American Surgical Association

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A Surgical Endovascular Trauma Service Increases Case Volume And Decreases Time To Hemostasis
Jonathan J. Morrison*, Marta J. Madurska*, Anna N. Romagnoli*, Marcus Ottochian*, Sakib N. Adnan*, Tiffany Kuebler*, William Teeter*, Melanie R. Hoehn*, Megan L. Brenner*, Joseph J. DuBose*, Thomas M. Scalea
R Adams Cowley Shock Trauma Center, Baltimore, MD

OBJECTIVE(S):
Endovascular techniques are vital for trauma care, but timely access can be a challenge. In 2015, we developed a surgeon staffed endovascular trauma service (ETS) to complement the existing interventional radiology (IR) service. We evaluated the impact of the ETS on case volume and time to hemostasis. METHODS:
The electronic medical record of trauma patients undergoing endovascular procedures between 2013 and 2018 were queried for provider type (IR or ETS). Case volume and rates were expressed per 100 monthly admissions, normalizing for seasonal variation. Interrupted time series analysis was used to model the case rate pre- and post-introduction of the ETS. Admission-to-procedure-time data was collected for pelvic angioembolization as a marker of patients requiring emergency hemostasis. RESULTS:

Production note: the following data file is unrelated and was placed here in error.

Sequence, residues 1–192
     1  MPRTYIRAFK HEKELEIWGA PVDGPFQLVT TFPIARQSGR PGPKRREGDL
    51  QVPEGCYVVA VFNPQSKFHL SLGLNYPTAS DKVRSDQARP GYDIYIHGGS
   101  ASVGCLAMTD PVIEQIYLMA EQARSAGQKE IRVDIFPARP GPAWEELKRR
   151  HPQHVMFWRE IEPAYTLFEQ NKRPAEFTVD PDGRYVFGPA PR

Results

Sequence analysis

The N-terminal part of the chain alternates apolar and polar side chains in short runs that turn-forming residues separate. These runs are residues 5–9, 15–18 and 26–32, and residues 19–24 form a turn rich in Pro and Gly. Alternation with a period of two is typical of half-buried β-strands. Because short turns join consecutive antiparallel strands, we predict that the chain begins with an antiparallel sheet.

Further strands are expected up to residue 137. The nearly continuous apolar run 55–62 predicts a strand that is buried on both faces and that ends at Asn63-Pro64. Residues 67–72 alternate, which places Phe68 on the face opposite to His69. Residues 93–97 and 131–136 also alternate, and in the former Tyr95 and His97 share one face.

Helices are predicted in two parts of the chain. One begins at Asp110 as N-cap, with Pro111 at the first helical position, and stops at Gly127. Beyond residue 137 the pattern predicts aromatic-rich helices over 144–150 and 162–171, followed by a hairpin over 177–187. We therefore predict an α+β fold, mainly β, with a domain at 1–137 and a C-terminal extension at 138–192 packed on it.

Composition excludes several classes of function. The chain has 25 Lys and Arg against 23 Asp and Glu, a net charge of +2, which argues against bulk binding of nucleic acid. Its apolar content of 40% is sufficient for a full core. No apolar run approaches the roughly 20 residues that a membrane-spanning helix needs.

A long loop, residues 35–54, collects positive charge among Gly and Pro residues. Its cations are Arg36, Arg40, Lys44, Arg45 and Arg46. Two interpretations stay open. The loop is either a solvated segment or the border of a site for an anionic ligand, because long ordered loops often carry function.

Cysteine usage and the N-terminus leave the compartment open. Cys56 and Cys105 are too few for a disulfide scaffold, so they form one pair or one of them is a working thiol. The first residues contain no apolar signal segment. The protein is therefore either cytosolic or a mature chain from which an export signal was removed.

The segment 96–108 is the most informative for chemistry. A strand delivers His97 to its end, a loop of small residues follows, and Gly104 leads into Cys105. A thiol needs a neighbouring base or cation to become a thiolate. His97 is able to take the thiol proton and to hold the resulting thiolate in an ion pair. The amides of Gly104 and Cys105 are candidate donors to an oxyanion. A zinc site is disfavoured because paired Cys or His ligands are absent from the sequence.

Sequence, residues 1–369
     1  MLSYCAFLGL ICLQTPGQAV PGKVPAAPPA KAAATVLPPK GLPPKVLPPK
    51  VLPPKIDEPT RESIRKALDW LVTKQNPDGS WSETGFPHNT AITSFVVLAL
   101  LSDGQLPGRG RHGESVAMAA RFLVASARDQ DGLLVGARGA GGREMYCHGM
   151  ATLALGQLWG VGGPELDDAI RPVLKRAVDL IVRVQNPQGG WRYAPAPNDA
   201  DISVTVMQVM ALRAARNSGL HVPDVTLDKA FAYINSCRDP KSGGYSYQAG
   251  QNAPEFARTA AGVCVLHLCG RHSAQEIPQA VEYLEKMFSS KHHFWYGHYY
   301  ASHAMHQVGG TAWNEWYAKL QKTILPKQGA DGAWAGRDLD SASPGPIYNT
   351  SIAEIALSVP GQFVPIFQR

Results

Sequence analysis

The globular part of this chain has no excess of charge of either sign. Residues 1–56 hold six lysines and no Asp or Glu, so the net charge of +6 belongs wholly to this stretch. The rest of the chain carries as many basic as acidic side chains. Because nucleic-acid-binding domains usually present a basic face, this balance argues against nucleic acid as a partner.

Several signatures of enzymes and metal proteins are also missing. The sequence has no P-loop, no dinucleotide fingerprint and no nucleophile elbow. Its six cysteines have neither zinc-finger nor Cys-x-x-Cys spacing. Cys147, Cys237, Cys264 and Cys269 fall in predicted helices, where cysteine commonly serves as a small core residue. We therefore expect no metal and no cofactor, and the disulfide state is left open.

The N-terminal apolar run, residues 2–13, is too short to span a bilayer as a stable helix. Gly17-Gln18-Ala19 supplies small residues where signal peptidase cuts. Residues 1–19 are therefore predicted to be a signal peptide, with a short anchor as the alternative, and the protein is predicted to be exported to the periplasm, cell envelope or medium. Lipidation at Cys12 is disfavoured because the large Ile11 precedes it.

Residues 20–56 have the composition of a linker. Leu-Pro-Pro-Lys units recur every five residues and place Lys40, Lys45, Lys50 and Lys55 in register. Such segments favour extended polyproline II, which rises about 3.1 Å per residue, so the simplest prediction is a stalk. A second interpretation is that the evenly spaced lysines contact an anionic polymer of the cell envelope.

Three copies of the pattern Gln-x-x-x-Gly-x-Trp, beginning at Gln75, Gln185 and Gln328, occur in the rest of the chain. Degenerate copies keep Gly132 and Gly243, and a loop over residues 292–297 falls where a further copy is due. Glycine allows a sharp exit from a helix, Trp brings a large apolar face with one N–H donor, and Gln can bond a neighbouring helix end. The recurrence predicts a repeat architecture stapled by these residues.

Over 6 years, 1390 patients underwent endovascular procedures. Overall case volume increased from 3.84-4.78 at a rate 0.1 (p=0.002) after introduction of the ETS. IR case volume decreased from 3.84-2.19 at a rate of 0.03 (p=0.063). ETS case volume increased at a rate 0.72 (p=0.002), which was significantly different from the IR trend (p<0.001). Median [IQR] time-to-procedure (hours) was significantly shorter for pelvic angioembolization (3.2 [6.5] vs. 6.5 [3.4]; p<0.001), when ETS was compared to IR. CONCLUSIONS:
A surgical ETS increases case volume and decreases time to hemostasis for trauma patients requiring time sensitive interventions. Further work is required to assess patient outcome following this change.

* By Invitation


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